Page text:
The first thing I thought of was not 9/11 but the Munich massacre. That was after I saw the images in the Internet and CNN of the Boston explosions.
At first blush, that doesn’t seem comparable in scale and ferocity. The Munich massacre for those who hadn’t been born yet then, or have not heard of it, was the bloodbath carried out by a group of Palestinian terrorists called Black September on Israeli athletes in the 1972 Olympics. The gunmen raided the Israeli team’s quarters, took 11 of them hostage and eventually killed them. It shocked a world that had already seen some pretty shocking sights, not least courtesy of the Vietnam War.
What did so—and which is why the Boston explosions reminded me of it—was that it happened during a sports event. Specifically the Olympics, an event that was meant to, and had, brought out the best in human beings. The seeming incompatibility of baseness and viciousness with a world that was pure and lofty, the seeming incongruity of a lapse into savageness and barbarity amid the striving toward transcendence and perfection, drove home the horror of it.
I remembered it after a young man who had joined the marathon and missed becoming a victim by seconds wondered how something like that could happen. It was beyond comprehension, he said in a daze. The Boston marathon was as best a show of camaraderie and solidarity, of goodness and kindness, of being the best that one could be, as you could get. It had drawn in people from all walks of life. It had drawn in people from all nationalities. Who could possibly wish it ill? Who could possibly want to do something like that?
As he said that, CNN showed footage of the runners dashing toward the finish line and an orange light suddenly flashing and smoke billowing from the bushes. One runner staggered and fell, the news reporter not knowing whether he had been hit by shrapnel or had just buckled under from the force of the explosions—there were two of them, one coming on top of the other. As I write this, some 150 people have been rushed to the hospitals, some of them in critical condition. Three have died, one of them an eight-year-old boy.
The bombs were probably lying on the ground, said the authorities, the victims’ injuries being largely in the limbs. Many would not be able to walk again, let alone run.
The second thing I thought of was still not 9/11, it was the Oklahoma bombing.
Who would do such a thing? That was the question Americans asked in April 1995 when a huge blast turned to rubble the Alfred P. Murrah Federal Building in downtown Oklahoma City and damaged 324 buildings within a 16-block radius. It killed 168 people. It was the most destructive act of terrorism before 9/11. Americans asked who would do such a thing, and answered that it must have been Arab terrorists.
As it turned out, it was an American one. Timothy McVeigh, a disgruntled and unhinged veteran of the Gulf War, had detonated explosives from a truck he had parked in front of the building with that catastrophic result. It was an enterprising reporter from InterPress, a Third World wire agency, that led to McVeigh being identified, tracked down and taken in custody. But not before life became a little miserable for foreigners in the United States, especially those of Arabic descent, especially those who wore flowing robes and spoke in strange accents.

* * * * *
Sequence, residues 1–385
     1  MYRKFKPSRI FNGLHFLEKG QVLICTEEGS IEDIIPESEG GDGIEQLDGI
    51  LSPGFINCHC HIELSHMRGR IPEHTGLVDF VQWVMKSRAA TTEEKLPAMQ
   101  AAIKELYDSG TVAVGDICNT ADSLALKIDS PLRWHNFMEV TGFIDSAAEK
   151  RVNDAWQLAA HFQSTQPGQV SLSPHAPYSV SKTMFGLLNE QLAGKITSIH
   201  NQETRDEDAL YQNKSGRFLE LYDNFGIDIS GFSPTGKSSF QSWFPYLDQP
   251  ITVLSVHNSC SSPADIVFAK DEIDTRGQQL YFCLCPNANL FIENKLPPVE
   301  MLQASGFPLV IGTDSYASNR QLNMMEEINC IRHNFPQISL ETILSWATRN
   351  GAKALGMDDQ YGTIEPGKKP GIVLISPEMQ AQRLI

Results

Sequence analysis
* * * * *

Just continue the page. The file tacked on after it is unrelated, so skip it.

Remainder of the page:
Armed with hindsight, Americans have become a lot more circumspect or cautious about pointing fingers. Barack Obama spoke tersely, saying only that the perpetrators would be ferreted out and bear the full weight of justice. Congress has called the bombing a terrorist act and has been vociferous in condemning it but has refrained from saying whether it was foreign or homegrown in origin. Fox though was not loath to look outside for its source. An American airport is not the best place to be at right now.
We’ll have to wait for the next few days or weeks to know at all. But you have to wonder what it will do to the American psyche at this point if the perpetrator turns out to be a local one. As I write this, investigators have just noted that the bombs were “not sophisticated,” though the fact that two other unexploded bombs were found suggests some planning. Can it be so hard to imagine that this is a continuation, albeit a far more murderous kind, of the explosion of violence and mayhem that has been gripping the United States of late? And with the National Rifle Association leading a belligerent campaign to shoot down—pun fully intended—government’s gun control bills? A bomb is just an extension of a handgun, it’s just a weapon of more mass, or massive, destruction. But the motivation, or lack of it, could be the same.
The third thing I thought of was 9/11.
And how more than a decade after the atrocity, the United States continues to feel its pain as freshly as it did 12 years ago and to bid the world share its grief. Which is as it should be: The lives of those who perished ought to be remembered, the horror of the deed ought to be remembered. The death of one person diminishes us all. The death of any person, black or white, man or woman, rich or poor, diminishes us all.
But which makes you wonder why when the same thing, or far, far worse, happens elsewhere, those who perish are not just not remembered, they are not even seen, there are no cameras rolling to record the scale of destruction, there are no pens scribbling to try to capture the depth of the despair. Who are there to share their anguish? Who are there to help carry their grief? “If you prick us, do we not bleed?” as Shylock asks. “If you poison us, do we not die?”
Seeing the horror of one but not another, hearing the cries of one but not another, seething with rage at the one but not at the other:
That is terror too.
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